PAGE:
It looks like Old Man Economy might have finally started taking his pills again. After gaining approval from the Arlington County Board in July of last year, the Shooshan Company's ambitious plans for Founders Square, a five-building, mega mixed-use development in Ballston, seemed about as promising as a GM-backed pension plan. But despite slippery start dates in all types of construction, Shooshan's Vice President of Development, Kelly Shooshan, tells DCmud the project is still on track for its originally scheduled 2009 groundbreaking and that the company will be seeking a general contractor before the summer is out.
"We're looking to probably be bidding the project in the middle of the summer and will probably start construction sometime in the fall or early winter," said Shooshan.
Located on 4.6-acre parcel bounded by North Randolph Street, Wilson Boulevard and North Quincy Street in Ballston, the RTKL Associates-designed development will replace the industrial and non-tax paying bus lot known simply as the WMATA site, a gas station, a recycling center and a tre chi-chi Super Pollo chicken joint. Founders Square is intended to house 26,000 square feet of retail space (8,000 of which the Shooshan Company has since farmed out to Paradigm Development), 730,000 square feet of office space in two towers, and another two worth of housing for a total of 378 residential units.
“The buses have been gone since March 27th,” said Shooshan. “When we start the project, it’ll start with demo…the site is just a one-story building, so it’s a very small portion of the construction timeline.”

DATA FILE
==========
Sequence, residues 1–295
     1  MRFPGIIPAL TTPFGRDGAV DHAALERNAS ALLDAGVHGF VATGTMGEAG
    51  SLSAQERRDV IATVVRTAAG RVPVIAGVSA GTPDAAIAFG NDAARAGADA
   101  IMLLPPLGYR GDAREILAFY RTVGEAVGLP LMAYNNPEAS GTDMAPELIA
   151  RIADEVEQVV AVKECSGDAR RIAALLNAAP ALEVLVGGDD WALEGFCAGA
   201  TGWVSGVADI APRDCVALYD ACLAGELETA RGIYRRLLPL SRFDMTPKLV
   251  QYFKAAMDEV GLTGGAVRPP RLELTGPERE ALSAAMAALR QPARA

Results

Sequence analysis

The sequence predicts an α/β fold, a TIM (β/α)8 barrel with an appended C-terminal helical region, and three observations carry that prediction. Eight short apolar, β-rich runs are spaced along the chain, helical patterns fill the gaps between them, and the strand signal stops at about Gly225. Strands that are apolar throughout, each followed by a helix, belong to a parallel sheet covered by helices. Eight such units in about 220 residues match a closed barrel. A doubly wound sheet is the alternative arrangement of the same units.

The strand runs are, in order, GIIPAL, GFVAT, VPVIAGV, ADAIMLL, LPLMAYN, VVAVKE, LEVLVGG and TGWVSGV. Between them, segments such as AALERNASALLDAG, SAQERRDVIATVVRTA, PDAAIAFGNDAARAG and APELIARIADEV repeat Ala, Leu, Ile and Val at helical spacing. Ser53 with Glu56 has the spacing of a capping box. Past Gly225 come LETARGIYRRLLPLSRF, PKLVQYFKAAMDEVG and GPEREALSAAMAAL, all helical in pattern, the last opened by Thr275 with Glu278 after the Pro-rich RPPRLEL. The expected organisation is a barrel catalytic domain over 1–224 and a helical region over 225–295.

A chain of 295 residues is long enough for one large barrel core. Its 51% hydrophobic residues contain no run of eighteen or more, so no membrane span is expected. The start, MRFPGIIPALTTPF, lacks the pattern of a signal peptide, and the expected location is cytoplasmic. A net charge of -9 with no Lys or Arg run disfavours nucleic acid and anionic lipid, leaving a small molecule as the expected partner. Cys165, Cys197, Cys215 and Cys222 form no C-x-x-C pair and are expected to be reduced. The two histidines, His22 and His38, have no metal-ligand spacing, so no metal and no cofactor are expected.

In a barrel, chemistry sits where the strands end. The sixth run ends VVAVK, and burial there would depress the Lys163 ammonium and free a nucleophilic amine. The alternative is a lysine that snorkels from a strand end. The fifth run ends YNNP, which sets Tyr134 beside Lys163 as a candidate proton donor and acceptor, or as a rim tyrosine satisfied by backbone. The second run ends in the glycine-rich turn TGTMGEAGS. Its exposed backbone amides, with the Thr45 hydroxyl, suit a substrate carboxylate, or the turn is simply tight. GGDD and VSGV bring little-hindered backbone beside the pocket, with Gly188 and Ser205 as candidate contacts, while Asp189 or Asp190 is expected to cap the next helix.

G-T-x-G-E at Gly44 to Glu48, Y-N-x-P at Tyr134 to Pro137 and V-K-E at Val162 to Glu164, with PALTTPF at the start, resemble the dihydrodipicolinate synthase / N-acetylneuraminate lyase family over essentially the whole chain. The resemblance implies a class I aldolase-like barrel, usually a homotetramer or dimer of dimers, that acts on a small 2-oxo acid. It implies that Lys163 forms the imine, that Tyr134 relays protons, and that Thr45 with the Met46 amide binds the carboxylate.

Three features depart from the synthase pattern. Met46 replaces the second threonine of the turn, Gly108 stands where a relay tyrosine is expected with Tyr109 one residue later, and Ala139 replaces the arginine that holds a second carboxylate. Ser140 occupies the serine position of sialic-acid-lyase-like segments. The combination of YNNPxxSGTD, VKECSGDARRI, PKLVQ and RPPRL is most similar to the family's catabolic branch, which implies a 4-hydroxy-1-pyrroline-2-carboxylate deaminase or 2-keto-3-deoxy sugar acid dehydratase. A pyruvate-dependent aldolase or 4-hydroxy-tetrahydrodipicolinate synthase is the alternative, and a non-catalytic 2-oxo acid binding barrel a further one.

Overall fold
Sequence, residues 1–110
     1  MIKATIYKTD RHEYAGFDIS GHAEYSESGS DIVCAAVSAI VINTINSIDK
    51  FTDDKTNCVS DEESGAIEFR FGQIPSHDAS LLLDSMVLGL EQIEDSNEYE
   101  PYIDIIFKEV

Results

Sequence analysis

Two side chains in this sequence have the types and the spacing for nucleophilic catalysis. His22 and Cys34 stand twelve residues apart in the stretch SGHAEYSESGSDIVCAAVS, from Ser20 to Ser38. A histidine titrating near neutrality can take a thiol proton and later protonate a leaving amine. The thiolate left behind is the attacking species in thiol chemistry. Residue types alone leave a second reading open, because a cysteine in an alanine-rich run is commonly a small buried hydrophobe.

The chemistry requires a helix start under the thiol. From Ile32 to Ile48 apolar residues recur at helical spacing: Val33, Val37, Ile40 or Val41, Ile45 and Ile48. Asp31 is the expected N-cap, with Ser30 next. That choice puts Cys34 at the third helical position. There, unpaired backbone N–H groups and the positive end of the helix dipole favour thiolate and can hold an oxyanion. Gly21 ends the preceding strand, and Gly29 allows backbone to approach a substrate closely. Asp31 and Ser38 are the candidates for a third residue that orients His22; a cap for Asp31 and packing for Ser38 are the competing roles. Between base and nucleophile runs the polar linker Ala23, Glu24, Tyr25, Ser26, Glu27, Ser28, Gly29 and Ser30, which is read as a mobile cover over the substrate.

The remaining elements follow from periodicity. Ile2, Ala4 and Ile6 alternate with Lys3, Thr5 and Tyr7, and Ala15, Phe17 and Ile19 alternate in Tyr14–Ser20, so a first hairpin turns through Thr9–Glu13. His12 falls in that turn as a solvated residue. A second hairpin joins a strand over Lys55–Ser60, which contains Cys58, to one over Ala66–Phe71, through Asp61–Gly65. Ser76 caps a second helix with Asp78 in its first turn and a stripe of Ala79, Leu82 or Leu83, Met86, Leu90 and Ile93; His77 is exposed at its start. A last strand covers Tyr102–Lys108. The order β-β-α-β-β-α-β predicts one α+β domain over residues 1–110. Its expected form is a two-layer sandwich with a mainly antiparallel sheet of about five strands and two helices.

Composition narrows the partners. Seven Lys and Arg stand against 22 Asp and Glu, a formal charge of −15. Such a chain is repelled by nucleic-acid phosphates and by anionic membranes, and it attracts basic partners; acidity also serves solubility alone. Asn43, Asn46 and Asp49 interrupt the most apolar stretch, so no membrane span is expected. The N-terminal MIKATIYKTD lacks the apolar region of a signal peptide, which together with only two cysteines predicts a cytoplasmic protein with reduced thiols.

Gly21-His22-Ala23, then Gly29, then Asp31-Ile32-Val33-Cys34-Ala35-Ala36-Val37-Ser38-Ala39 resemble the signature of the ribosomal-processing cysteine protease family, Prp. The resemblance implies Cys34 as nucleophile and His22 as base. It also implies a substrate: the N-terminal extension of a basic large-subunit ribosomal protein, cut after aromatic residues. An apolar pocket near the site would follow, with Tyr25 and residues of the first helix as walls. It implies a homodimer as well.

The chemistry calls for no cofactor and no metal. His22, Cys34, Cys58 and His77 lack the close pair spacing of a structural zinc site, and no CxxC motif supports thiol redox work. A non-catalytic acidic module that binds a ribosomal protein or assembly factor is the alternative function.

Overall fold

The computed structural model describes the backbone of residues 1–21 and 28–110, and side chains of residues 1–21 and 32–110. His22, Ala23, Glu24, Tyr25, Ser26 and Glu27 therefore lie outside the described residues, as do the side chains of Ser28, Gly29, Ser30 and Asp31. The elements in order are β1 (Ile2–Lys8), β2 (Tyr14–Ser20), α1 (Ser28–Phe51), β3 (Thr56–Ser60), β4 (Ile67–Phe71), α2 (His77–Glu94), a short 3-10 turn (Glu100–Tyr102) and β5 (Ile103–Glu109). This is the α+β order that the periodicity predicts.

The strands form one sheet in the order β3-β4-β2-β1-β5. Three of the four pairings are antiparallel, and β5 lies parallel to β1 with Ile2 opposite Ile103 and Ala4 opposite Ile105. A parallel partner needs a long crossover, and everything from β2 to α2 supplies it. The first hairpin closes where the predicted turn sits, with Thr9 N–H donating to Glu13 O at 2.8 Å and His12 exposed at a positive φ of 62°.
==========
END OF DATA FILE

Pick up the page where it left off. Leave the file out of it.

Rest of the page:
“Super Pollo will be relocating to the new retail building and there are several other tenants that have expressed interest in the other two spaces in the retail building. It’s very small retail, only 8,000 square feet. The first office building is a secured office building, so it won’t have any retail in it." The secure building will, though, have enhanced security features suitable for defense-related businesses.
The development’s residential units are tentatively scheduled to hit the market as rentals and all five Founders' buildings will aim for a LEED certification. In the meantime, the developer has yet to definitively budget the project, as it is, in the words of Shooshan, “evolving over time with the present market conditions.”
"There’s such a large spread right now with construction prices decreasing every minute, it’s really hard to give a formula on the whole entire project,” she said. In 2008, Shooshan completed Liberty Center in Ballston, a 21-story, 469-unit residential building. Despite continued development, the rough and tumble Arlington 'hood has somehow managed to keep its street cred intact.